SaskPower lawsuit over damaged turbine set to move ahead in province

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SaskPower lawsuit over damaged turbine set to move ahead in province

SaskPower is suing former partners for $14.3 million after an emergency oil pump failed at the Boundary Dam Power Station in 2018.

In this file photo, a tour group looks at the carbon capture building, left, then under construction at Boundary Dam Power Station in Estevan, Sask. on May 22, 2013.
In this file photo, a tour group looks at the carbon capture building, left, then under construction at Boundary Dam Power Station in Estevan, Sask. on May 22, 2013. Photo by TROY FLEECE /Regina Leader-Post

A Saskatchewan court will hear SaskPower’s $14.3-million lawsuit over a mechanical failure at an Estevan-area power plant.

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SaskPower is suing Saskatoon-based Mitsubishi Power Canada Ltd. and two Italian companies, among others, arguing an emergency oil pump and lubrication system failed to work when the Boundary Dam Power Station near Estevan shut down in June 2018 because of a thunderstorm.

The Crown corporation says this resulted in damage to the bearings of BD3, one of the plant’s turbines.

The Italian firms, Flenco Fluid System S.r.l. and Pompe Garbarino S.p.A., asked the Saskatchewan Court of Queen’s Bench to dismiss or stay the action, arguing the matter should instead be heard in Italy. 

Judge Keith Kilback dismissed their application. In a June decision, Kilback wrote that the matter was “clearly rooted” in Saskatchewan and said Italy would not be a more appropriate forum. He awarded costs to SaskPower as well as Mitsubishi, which was also a party in the case.

The suit arises from a damaging shutdown at the $1.5-billion coal-fired plant, which the provincial government once touted as the future of carbon capture and storage technology.

A tour group watches the reconstruction of the power island at Unit 3 at the Boundary Power Station where the world’s first commercial-scale, clean-coal power project is housed in Estevan, SK.
A tour group watches the reconstruction of the power island at Unit 3 at the Boundary Power Station where the world’s first commercial-scale, clean-coal power project is housed in Estevan, SK. Photo by TROY FLEECE /Regina Leader-Post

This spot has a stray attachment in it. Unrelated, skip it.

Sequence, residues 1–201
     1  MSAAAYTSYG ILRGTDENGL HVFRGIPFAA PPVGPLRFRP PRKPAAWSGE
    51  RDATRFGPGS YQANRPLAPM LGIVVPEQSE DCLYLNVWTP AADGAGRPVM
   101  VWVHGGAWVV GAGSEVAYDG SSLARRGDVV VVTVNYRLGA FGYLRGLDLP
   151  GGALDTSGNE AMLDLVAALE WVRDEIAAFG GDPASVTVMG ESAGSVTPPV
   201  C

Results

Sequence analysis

SaskPower claims that a thunderstorm caused a loss of power at the Boundary Dam station on June 14, 2018, triggering an emergency shutdown of BD3, the plant’s third turbine.

The turbine was also part of a carbon capture and storage system, a means of attempting to capture carbon dioxide from burning coal before it enters the earth’s atmosphere.

The plant became the first commercial-scale use of that technology in the world when it opened in 2014 and was promoted by the province as a way of reconciling the growing need to reduce carbon emissions with the economic realities of Saskatchewan, where coal still provides nearly a third of the province’s total energy.

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The carbon dioxide captured at the Boundary Dam Power Station is later used for commercial purposes, particularly in the nearby Weyburn oil patch where it is used to squeeze more oil from wells.

SaskPower said the failure of the turbine meant it was unable to supply Whitecap Resources Inc. with captured carbon dioxide during repairs, costing the Crown corporation a settlement fee of $3.6 million.

Coal being hauled to SaskPower’s Boundary Dam generating plant near Estevan.
Coal being hauled to SaskPower’s Boundary Dam generating plant near Estevan. Photo by Bryan Schlosser /Regina Leader-Post

SaskPower filed its first statement of claim in 2020. The Crown corporation said the rest of the $14.3 million sought in the action would cover the cost of repairs, investigation of the turbine and related losses.

SaskPower had originally hired HCL, a predecessor company to Mitsubishi, to design, build, test and install the BD3 turbine. HCL later subcontracted Flenco to design an oil lubrication system and pumps for the design.

Flenco, in turn, contracted Garbarino to manufacture and deliver those two main pumps in Italy. Neither company dealt directly with SaskPower and neither company has a corporate presence in Canada.

The court decision says Flenco, Garbarino and SaskPower all hired Italian legal experts to provide opinions on where that part of the lawsuit should be heard, including on whether a Saskatchewan court’s decision would be enforceable in Italy.

Kilback wrote that neither party could successfully prove on a balance of probabilities whether or not that could be the case and thus considered it a “neutral factor” in his ruling.

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On balance, I conclude it will be less inconvenient and less expensive for Flenco and Garbarino to defend these claims in Saskatchewan than it would be for SaskPower to pursue its claims against the Mitsubishi defendants in Saskatchewan and for SaskPower and Mitsubishi to pursue their respective claims against Flenco and Garbarino in Italy,” he wrote. 

SaskPower declined to comment further on the matter, saying it is before the courts. Inquiries sent to Flenco and Garbarino were not returned.

zvescera@postmedia.com

twitter.com/zakvescera

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